NOW A NETFLIX SERIES ENTITLED “SPECIAL” FROM EXECUTIVE PRODUCER JIM PARSONS STARRING RYAN O'CONNELL AS HIMSELF.
From the beloved blogger turned voice of an online generation, an unforgettable and hilarious memoir-meets-manifesto exploring what it means to be a millennial gay man living with cerebral palsy, which VICE calls “a younger, gay version of Mary Karr's Lit.”
People are obsessed with Ryan O’Connell’s blogs. With tens of thousands reading his pieces on Thought Catalog and Vice, watching his videos on YouTube, and hanging on to each and every #dark tweet, Ryan has established himself as a unique young voice who’s not afraid to dole out some real talk. He’s that candid, snarky friend you consult when you fear you’re spending too much time falling down virtual k-holes stalking your ex on Facebook or when you’ve made the all-too-common mistake of befriending a psycho while wasted at last night’s party and need to find a way to get rid of them the next morning. But Ryan didn’t always have the answers to these modern day dilemmas. Growing up gay and disabled with cerebral palsy, he constantly felt like he was one step behind everybody else. Then the rude curveball known as your twenties happened and things got even more confusing.
Ryan spent years as a Millennial cliché: he had dead-end internships; dabbled in unemployment; worked in his pajamas as a blogger; communicated mostly via text; looked for love online; spent hundreds on “necessary” items, like candles, while claiming to have no money; and even descended into aimless pill-popping. But through extensive trial and error, Ryan eventually figured out how to take his life from bleak to chic and began limping towards adulthood.
Sharp and entertaining, I’m Special will educate twentysomethings (or other adolescents-at-heart) on what NOT to do if they ever want to become happy fully functioning grown ups with a 401k and a dog.
Ryan O’Connell is a writer and professional feeler of emotions living in Los Angeles. He’s written for Thought Catalog, Vice, The New YorkTimes, Medium, and other publications, as well as for MTV’s Awkward. I’m Special is his first book.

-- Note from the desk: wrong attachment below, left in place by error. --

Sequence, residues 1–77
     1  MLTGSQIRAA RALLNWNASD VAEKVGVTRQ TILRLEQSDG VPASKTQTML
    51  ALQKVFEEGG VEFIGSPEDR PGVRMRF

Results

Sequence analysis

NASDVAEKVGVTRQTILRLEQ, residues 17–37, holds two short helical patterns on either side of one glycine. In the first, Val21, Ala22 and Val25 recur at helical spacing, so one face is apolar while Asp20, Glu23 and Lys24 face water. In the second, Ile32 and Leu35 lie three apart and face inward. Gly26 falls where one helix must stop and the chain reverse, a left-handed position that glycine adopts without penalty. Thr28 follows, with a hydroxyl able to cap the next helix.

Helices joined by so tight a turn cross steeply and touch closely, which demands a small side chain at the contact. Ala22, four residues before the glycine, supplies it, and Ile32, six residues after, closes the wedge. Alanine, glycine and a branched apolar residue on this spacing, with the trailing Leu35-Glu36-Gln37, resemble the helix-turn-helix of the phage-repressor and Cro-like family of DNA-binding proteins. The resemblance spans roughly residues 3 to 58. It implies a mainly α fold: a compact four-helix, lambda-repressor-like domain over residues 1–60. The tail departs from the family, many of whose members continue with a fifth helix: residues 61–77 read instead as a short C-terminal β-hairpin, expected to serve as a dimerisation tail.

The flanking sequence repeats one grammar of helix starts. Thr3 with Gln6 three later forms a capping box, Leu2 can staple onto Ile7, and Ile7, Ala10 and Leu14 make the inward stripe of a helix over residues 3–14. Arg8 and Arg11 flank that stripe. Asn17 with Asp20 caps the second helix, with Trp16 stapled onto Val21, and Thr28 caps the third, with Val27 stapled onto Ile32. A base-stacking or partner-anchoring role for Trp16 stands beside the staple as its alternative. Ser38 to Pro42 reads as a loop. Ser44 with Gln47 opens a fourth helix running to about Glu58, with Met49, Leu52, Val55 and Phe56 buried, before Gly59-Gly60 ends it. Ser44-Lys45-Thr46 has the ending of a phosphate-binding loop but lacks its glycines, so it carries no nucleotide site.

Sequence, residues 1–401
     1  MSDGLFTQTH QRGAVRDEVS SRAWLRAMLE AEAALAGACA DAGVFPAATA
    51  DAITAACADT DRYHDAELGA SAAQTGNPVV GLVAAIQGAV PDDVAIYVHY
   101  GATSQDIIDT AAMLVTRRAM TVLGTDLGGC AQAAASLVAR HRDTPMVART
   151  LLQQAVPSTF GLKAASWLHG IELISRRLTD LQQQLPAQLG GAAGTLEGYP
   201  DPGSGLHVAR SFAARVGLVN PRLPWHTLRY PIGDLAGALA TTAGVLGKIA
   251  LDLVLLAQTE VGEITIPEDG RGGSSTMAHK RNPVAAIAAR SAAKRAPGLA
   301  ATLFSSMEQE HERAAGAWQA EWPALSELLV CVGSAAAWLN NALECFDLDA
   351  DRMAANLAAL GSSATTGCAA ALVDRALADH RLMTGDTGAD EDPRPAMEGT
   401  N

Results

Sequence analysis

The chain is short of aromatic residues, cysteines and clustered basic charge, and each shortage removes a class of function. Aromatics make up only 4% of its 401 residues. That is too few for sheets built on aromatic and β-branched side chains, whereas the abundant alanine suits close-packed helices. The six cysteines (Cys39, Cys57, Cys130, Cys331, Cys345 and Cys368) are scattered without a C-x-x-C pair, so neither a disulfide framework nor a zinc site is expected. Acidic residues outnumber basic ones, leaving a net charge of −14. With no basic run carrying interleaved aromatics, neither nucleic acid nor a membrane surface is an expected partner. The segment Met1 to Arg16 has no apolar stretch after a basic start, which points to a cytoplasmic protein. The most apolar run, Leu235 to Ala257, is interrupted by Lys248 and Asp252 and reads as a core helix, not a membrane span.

“Like a younger, gay version of Mary Karr's Lit, [I’m Special] earnestly details the complexities of [having cerebral palsy] while also making the kind of hilarious politically incorrect jokes you rarely hear thanks to today's outrage culture. Most importantly, O'Connell knows how to tell a story. … Like the best personal essayists, [O’Connell] possesses the rare talent of making the most obscure personal event relatable to any reader, and he writes like he talks.”
“A special and hilarious star in a sea of same-y Millennial memoirists. I would call this book ‘fresh’ and ‘touching’ if that didn’t sound so dirty, so I’ll just say it’s great.”
– Diablo Cody, screenwriter
“O’Connell amassed a following for candidly blogging about his life on the Internet. Now he brings his sharp wit to a memoir about growing up gay and with cerebral palsy.”
“Ryan O’Connell is so funny that you might not notice that he’s a seriously good writer. His tales of twentysomething traumas—ranging from concealing a serious disability to surviving in a world of cutthroat internships and internet bitchiness—are made special (really) by his one of a kind voice.”
– Emily Gould, author of Friendship
"Impressive... addictive and easy to read."
– Publishers Weekly
“Ryan O’Connell has written a book that’s fun, funny, biting, confessional and necessary. It’s like the Bible, but gay. Well, gayer.”
– Megan Amram, author of Science . . . for Her!
“Wonderful… O’Connell’s life lessons are valuable, and his tone — which is as smart as it is smartass — is what distinguishes I’m Special.”
– Philadelphia Gay News
“Hilarious.… I’m Special is delightfully fun and… easy to read in one fell swoop.”
“This book is completely unique and painfully universal. Identifying yourself in Ryan O'Connell's writing is to understand that you may not be special, but you are human.”
– Jake Shears, lead singer of Scissor Sisters
“O’Connell finds humor in the very ordinary experiences of his generation.”